When the next big cultural moment hits, what can we do as social marketers to ensure we’re trending for the right reasons?
Understand Your Brand’s Values and Mission Statement
Nearly every day, social media marketers are asked to jump on the latest viral trend. While we may not have as much understanding of the brand’s overall strategies and direction as the CMO and/or our immediate client partners, our knowledge of what makes sense for the brand on social is unmatched. For cultural moments related to politics and race, we need to pump the brakes, read the room and ask ourselves what the motives are.
Women’s rights? Immigration? Voter registration? Diversity, equity and inclusion?
If a topic isn’t built within your brand’s ethos, then you need to tread carefully. Three years later that infamous Kendall Jenner-Pepsi ad is still mocked and dissected. Pepsi was (understandably) dragged for their tone-deafness because they were looking to monetarily capitalize on a sensitive subject, rather than get behind a cause.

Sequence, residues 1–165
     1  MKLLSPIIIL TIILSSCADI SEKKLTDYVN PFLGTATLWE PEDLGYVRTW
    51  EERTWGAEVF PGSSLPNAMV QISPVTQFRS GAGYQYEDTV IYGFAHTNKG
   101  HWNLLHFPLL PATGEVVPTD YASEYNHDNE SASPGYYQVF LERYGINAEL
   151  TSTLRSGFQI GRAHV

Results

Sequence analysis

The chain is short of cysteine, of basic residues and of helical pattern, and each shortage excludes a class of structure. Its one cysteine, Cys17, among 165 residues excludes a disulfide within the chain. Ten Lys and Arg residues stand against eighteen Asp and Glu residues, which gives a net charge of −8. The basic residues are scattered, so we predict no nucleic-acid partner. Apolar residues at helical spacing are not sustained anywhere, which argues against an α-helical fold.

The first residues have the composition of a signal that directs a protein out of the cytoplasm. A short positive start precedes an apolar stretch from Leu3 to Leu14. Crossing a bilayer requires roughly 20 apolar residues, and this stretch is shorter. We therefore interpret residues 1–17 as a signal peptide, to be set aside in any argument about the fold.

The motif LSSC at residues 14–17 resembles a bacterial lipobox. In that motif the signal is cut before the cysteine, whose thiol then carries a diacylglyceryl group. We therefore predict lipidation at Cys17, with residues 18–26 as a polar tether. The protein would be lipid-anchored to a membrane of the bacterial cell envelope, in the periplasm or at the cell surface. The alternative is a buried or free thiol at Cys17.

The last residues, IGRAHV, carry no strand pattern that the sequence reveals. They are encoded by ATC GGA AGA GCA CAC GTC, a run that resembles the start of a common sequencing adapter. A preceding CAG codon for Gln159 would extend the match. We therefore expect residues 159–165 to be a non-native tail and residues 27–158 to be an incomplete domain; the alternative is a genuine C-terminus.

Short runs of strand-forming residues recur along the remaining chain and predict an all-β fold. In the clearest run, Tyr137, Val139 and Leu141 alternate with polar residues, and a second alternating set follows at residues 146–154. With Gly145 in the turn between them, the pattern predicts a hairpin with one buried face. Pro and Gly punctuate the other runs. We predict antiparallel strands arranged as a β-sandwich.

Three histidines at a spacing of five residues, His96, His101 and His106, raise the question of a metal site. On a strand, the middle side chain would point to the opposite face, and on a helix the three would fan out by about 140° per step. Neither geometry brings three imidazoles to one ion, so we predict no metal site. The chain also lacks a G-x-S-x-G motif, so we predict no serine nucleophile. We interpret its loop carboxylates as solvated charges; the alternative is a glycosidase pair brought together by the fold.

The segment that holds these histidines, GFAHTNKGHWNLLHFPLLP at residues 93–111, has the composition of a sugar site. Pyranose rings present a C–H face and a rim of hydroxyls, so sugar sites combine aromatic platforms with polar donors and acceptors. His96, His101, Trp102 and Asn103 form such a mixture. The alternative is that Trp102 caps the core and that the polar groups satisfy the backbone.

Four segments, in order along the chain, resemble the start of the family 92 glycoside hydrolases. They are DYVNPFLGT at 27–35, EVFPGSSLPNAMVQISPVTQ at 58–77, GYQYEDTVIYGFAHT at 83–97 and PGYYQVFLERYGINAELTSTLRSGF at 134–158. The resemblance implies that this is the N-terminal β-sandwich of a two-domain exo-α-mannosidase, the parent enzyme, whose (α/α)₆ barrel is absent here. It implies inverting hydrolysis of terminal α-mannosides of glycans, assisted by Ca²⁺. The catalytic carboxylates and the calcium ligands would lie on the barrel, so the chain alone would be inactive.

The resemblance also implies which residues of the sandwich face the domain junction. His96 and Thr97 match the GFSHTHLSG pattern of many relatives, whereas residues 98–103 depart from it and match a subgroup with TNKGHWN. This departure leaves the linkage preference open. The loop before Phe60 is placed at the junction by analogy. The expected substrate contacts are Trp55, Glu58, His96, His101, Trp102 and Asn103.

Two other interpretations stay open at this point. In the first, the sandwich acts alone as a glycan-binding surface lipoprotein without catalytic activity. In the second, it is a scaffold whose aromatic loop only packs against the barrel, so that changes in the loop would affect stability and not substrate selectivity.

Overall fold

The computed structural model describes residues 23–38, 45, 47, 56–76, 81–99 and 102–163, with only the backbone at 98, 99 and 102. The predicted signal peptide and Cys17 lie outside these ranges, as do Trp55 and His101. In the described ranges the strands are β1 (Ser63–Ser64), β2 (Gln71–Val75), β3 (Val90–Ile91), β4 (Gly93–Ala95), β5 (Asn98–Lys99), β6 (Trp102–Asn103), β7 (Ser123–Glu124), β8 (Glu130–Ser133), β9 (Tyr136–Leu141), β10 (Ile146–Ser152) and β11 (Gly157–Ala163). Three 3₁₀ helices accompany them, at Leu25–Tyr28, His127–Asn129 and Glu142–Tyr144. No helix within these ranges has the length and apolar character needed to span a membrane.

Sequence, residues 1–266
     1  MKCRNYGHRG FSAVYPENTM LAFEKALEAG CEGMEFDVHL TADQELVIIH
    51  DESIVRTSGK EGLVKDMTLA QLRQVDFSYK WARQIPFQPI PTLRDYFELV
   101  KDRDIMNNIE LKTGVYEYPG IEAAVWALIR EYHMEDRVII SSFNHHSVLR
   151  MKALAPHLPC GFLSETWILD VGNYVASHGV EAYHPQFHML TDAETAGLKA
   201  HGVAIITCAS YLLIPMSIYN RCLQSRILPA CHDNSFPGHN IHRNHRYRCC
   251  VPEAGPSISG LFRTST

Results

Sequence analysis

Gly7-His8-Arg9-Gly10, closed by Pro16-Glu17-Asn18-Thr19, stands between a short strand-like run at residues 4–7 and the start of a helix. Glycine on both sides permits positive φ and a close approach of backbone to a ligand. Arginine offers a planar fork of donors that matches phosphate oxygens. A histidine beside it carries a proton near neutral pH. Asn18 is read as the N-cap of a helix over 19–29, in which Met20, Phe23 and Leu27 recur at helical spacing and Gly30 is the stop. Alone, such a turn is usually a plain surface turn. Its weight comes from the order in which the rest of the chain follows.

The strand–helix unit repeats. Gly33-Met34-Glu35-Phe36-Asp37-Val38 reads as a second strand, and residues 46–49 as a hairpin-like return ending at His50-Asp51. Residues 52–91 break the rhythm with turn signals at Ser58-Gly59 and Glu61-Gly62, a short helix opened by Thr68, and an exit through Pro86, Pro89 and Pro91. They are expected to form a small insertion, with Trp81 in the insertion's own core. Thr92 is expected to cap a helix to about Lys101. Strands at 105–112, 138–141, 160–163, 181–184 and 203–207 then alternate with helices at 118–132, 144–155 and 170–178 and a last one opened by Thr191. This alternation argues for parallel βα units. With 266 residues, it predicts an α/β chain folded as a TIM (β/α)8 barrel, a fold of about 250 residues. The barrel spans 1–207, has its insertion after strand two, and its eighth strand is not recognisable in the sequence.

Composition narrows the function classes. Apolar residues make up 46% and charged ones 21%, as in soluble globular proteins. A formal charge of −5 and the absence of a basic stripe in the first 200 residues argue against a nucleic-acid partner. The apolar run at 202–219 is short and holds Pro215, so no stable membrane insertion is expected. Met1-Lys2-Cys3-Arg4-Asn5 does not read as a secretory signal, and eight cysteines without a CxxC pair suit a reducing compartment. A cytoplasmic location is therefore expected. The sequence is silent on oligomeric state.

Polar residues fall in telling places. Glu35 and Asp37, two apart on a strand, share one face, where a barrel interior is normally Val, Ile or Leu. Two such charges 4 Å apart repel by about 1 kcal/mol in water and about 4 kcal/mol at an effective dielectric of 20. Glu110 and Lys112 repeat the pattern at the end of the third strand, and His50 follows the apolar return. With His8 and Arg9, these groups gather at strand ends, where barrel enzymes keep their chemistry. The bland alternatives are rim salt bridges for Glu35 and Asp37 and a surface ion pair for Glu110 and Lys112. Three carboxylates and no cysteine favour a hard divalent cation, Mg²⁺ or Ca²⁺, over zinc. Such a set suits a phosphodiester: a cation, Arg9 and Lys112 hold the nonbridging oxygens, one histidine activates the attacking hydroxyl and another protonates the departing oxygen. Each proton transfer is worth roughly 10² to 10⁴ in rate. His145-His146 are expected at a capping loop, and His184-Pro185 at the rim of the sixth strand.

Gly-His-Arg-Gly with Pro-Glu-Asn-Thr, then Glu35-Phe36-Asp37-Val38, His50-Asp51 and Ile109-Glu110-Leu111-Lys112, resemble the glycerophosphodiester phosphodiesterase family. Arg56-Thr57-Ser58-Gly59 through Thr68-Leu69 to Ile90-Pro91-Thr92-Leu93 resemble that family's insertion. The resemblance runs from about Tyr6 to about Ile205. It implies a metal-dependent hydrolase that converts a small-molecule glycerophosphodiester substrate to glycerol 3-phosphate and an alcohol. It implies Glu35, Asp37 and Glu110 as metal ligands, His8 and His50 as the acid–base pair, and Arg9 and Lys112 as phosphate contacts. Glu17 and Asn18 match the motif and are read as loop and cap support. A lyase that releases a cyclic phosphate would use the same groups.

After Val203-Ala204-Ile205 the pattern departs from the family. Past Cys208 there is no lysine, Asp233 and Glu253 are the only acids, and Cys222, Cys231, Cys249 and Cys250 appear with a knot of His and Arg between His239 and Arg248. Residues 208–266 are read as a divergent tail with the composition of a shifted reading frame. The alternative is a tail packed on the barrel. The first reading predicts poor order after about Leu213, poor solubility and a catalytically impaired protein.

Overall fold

However, Ben & Jerry’s wasn’t ostracized for blogging about white supremacy — because they have been proactively vocal for years. Whether it’s giving political names to seasonal flavors or writing blog posts about racial injustice, activism and advocacy are embedded within their company’s values. They aren’t looking to sell extra pints; rather, they are authentically looking to share pertinent information and engage in dialogue. And, this likely does end up with more pints sold to people who share their values.
Ross Simmonds said, people don’t want brands to capitalize on ads, but rather, to take a risk and stand up for something. So, if your brand is going to take that stand, make sure that it’s methodical and aligned with what’s important to the core of your company. The last thing you should be doing is making an empty promise, because the internet never forgets, and screenshots are forever.
Immediacy Isn’t Always Key